I graduated from college a few months ago. I decided that I wanted to go to grad school, but I didn’t start looking at schools and GRE materials until recently. I have purchased the magoosh premium package and also have ordered a few of the recommended texts.
    Most of the deadlines for my program are at the beginning of December and January.
    I have not signed up for the GRE yet because I am afraid that I will pick a date too early/too soon. Some schools say take the GRE 6 weeks before the deadline, but that doesn’t leave me much study time.
    I know I can be dedicated to studying, I just don’t know how to pick the right date.
    I’m looking at taking it Nov 1, but I don’ know if that’s too late, or if I can push it back and study more.
    Any suggestions?

  23. Sady May 16, 2013 at 10:12 am #

    Hi Chris

    I have been out of school and studies for about 9 years now. My job consumes about 60 hours a week, have a kid to look after, am a non-native English speaker and am out of loop from maths since high school.

    Considering the goal of a Neuroscience PhD in an Ivy league; how much time (in months and number of hours to be required per weekday and weekend) do you think will I be requiring to prepare for the GRE from scratch?


    • Chris Lele
      Chris Lele May 16, 2013 at 2:11 pm #

      Hi Sady,

      Well, you’ve come to the right place :). I commend your ambition (I have a little one at home too and know how much more difficult everything becomes :)). My advice is to definitely take it slow at first but be prepared for the long haul. In terms of hours a week, if you could squeeze in between 45 min to an hour a day, 4 days during the week, and about 4 hours scattered over the weekend, you’ll be in a good position. I discourage the weekend cram sessions, since you lose so much week to week.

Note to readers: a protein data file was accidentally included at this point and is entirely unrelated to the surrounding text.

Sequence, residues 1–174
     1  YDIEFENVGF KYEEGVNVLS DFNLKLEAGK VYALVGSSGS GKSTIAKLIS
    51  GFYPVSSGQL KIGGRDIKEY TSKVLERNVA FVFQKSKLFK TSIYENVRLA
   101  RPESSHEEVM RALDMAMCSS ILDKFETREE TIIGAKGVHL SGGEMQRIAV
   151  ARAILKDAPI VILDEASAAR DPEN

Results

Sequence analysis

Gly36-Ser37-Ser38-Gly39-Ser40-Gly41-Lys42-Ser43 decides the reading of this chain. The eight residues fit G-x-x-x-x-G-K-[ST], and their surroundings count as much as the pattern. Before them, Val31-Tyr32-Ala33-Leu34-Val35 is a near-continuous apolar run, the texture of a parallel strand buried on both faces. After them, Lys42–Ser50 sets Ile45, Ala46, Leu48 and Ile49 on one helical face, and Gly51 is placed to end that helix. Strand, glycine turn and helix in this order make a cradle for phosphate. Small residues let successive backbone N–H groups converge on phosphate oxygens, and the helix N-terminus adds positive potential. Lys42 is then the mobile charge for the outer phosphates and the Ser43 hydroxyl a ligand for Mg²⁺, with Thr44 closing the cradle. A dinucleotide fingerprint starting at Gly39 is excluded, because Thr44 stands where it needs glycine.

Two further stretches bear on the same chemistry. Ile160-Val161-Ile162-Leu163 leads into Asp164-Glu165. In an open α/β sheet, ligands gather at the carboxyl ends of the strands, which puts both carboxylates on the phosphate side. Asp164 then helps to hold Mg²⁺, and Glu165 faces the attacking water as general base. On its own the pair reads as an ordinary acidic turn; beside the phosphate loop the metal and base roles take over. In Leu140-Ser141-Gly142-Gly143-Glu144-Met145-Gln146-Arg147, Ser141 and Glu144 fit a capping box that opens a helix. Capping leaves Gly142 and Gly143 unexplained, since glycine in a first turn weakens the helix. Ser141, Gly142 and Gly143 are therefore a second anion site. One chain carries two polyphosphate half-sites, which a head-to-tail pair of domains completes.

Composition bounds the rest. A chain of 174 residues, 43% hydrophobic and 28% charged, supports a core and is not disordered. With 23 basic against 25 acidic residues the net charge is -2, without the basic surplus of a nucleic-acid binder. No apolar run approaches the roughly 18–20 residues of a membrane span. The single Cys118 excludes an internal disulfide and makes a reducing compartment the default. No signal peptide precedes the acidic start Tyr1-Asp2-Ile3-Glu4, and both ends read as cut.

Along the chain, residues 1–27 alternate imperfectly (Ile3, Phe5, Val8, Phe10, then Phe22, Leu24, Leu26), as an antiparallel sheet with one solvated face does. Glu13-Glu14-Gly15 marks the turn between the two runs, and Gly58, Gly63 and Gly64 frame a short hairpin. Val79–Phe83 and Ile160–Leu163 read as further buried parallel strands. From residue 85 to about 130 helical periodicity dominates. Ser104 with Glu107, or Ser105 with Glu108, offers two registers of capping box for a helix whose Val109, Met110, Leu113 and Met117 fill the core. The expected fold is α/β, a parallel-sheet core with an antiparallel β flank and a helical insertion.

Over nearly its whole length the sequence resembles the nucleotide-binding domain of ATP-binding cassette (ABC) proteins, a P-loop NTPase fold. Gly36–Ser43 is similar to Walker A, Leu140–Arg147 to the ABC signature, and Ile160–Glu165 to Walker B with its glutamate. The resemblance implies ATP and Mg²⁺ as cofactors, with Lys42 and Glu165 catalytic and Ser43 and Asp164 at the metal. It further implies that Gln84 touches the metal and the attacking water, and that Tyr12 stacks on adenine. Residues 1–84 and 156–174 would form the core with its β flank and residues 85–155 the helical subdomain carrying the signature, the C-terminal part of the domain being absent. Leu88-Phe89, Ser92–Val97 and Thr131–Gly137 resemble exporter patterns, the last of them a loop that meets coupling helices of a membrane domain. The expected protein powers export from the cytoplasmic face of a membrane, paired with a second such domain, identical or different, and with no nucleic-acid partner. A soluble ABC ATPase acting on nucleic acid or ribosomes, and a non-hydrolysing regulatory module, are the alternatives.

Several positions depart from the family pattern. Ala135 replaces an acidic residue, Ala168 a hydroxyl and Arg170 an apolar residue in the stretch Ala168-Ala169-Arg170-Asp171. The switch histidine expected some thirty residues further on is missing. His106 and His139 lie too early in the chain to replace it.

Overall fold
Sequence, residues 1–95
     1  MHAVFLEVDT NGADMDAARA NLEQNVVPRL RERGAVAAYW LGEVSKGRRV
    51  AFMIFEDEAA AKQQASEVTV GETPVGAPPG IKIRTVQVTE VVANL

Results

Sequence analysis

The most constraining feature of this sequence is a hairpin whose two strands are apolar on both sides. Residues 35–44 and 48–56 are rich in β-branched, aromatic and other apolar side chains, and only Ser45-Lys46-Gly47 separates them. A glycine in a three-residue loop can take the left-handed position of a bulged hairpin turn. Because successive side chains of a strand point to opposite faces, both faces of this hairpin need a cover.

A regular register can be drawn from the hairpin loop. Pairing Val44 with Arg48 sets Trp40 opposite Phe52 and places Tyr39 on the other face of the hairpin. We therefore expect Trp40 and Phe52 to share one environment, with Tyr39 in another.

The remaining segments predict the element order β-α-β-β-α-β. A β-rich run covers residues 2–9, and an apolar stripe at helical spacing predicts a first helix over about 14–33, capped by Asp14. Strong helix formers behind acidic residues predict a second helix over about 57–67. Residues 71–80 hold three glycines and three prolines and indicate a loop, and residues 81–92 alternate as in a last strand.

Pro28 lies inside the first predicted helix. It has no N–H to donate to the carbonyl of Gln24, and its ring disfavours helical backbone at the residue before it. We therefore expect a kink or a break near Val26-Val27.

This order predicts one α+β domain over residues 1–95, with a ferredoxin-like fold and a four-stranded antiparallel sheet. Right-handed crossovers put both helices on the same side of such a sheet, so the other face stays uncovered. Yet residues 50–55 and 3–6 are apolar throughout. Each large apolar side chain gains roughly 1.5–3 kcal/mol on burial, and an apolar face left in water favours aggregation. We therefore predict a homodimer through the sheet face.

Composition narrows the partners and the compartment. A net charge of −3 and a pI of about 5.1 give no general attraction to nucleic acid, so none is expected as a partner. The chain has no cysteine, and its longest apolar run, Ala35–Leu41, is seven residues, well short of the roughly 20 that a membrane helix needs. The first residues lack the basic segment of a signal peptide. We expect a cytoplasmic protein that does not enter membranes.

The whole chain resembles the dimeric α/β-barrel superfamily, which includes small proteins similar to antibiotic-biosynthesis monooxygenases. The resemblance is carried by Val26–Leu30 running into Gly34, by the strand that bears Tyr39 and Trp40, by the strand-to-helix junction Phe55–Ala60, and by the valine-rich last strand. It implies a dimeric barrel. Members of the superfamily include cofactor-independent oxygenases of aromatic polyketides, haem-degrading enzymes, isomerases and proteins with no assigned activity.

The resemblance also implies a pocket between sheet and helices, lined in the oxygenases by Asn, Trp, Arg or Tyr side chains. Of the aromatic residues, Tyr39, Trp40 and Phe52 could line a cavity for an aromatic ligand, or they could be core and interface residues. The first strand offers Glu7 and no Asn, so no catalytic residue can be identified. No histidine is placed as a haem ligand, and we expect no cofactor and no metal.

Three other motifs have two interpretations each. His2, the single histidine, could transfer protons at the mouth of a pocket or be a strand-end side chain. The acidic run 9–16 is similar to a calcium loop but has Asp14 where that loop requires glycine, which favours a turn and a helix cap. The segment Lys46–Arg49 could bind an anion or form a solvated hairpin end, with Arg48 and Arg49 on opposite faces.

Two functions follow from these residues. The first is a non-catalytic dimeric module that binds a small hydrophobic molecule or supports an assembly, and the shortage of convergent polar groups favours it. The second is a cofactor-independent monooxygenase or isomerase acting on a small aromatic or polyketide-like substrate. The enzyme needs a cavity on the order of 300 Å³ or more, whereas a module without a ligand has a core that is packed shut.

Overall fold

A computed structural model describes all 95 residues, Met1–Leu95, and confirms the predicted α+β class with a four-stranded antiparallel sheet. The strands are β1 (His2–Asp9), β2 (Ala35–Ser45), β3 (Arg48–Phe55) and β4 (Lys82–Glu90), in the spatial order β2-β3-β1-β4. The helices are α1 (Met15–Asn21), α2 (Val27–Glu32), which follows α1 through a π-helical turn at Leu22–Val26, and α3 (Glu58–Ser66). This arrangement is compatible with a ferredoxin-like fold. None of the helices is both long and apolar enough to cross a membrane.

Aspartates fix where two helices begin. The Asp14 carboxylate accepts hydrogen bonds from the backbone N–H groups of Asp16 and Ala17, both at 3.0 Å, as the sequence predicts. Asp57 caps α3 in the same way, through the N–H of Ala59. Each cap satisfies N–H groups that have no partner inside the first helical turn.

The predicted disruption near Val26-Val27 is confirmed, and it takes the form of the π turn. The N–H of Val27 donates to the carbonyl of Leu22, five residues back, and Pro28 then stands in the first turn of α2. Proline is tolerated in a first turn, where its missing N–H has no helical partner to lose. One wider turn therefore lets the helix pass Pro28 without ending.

So let’s see…that works out to about 7-8 hours a week. At this pace, you should target anywhere between 3-6 months. That number depends on how quickly you get back into things after your study respite. Also, your baseline score is important. If you are already in the upper 150’s in both verbal and math, then getting to the mid-160’s (a good spot for an Ivy League Ph.D.) shouldn’t take too long.

      Check out our 3-month and our 6-month study plans. These will give you structure and guidance in the beginning–though you can tailor the plans to your needs once you’ve studied for awhile.

      Hope that helps, and good luck!

      • Sady May 16, 2013 at 2:16 pm #


        Thanks a lot for your detailed reply. This might sound dumb, but how can I know my baseline score?

        Thanks again and I really appreciate your help.


  24. mitul February 28, 2013 at 7:30 am #

    Hi Chris & Margarette,